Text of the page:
October 2020
Volume 20, Issue 11
Open Access
Vision Sciences Society Annual Meeting Abstract  |   October 2020
Neural sensitivity to natural texture statistics changes during middle childhood.
Author Affiliations & Notes
  • Benjamin Balas
    North Dakota State University
  • Shea Lammers
    North Dakota State University
  • Alyson Saville
    North Dakota State University
  • Footnotes
    Acknowledgements  National Science Foundation, DS-1727427
Journal of Vision October 2020, Vol.20, 180. doi:https://doi.org/10.1167/jov.20.11.180
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      Benjamin Balas, Shea Lammers, Alyson Saville; Neural sensitivity to natural texture statistics changes during middle childhood.. Journal of Vision 2020;20(11):180. doi: https://doi.org/10.1167/jov.20.11.180.

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Abstract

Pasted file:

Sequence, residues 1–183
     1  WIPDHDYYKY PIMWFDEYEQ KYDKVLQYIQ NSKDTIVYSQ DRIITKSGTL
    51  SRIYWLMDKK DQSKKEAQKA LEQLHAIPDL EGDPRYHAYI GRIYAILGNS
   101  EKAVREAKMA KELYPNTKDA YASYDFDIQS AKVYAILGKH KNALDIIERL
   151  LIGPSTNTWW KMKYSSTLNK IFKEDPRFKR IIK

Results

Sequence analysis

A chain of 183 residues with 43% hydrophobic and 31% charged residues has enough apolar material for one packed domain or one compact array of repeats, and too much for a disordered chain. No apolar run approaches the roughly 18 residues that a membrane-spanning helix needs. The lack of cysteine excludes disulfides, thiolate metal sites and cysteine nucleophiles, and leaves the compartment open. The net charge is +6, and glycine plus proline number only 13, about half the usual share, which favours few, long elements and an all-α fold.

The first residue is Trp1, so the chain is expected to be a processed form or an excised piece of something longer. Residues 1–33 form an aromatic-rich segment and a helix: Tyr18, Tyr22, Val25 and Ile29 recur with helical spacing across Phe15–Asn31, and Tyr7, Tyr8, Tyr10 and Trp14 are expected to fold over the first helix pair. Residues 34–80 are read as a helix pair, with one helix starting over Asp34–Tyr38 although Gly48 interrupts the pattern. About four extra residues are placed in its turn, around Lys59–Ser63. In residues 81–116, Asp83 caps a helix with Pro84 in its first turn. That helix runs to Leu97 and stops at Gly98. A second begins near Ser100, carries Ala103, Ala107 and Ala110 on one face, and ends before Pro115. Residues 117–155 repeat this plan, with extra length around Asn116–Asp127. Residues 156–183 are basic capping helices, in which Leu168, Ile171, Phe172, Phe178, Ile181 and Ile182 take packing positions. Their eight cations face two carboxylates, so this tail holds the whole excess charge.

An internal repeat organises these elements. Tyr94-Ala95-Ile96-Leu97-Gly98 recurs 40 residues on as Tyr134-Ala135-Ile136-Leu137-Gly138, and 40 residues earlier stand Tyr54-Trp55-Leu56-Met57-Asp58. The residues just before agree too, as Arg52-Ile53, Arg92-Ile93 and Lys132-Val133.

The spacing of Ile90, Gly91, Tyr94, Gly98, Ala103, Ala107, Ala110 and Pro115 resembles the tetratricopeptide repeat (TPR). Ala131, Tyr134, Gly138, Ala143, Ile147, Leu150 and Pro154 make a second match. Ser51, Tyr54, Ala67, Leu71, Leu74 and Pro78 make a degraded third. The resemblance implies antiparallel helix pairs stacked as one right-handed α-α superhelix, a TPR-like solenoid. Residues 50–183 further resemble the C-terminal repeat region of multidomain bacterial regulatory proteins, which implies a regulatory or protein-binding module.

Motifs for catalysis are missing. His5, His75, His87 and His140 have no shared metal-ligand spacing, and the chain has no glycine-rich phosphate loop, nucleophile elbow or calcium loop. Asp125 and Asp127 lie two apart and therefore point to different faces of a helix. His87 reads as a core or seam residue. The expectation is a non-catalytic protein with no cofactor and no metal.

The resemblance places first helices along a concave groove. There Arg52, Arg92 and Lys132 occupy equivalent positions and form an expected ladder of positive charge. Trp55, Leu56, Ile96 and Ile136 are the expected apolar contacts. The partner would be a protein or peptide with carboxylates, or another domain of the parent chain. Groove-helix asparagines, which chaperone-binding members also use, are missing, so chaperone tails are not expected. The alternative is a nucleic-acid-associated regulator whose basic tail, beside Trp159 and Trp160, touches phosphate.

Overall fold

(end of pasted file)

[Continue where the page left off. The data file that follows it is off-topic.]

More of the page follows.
Natural images have lawful statistical properties that the adult visual system is sensitive to, both in terms of behavior and neural responses to natural images. The developmental trajectory of sensitivity to natural image statistics remains unclear, however. In behavioral tasks, children appear to slowly acquire adult-like sensitivity to natural image statistics during middle childhood (Ellemberg et al., 2012), but in other tasks, infants exhibit some sensitivity to deviations of natural image structure (Balas & Woods, 2014). Here, we used event-related potentials (ERPs) to examine how sensitivity to natural image statistics changes during childhood at distinct stages of visual processing (the P1 and N1 components). We recruited 48 participants (5-7 year-olds, N=16; 8-10 year-olds, N=16, Adults, N=16) , who viewed natural texture images with either positive/negative contrast, and natural/synthetic texture appearance (Portilla & Simoncelli, 2000). We hypothesized that children may only acquire sensitivity to these deviations from natural texture appearance late in middle childhood, consistent with previous results suggesting that texture and material processing follow a local-to-global developmental trajectory (Balas et al., 2019). We measured the P1/N1 mean amplitude and latency over occipital sensors in all participants. We observed significant interactions between contrast and age group for P1 latency, and between texture statistics and age group for N1 amplitude. Both effects reflect greater sensitivity to natural image appearance in children compared to adults. In particular, we observed no effects of image contrast in adults, while young children exhibited a latency effect at the P100. Sensitivity to contrast negation was also evident in young children at a late component (~350ms) that in older children and adults was only sensitive to texture statistics. We discuss these results in terms of changing patterns of invariant texture processing during middle childhood and ongoing refinement of the representations supporting natural image perception.

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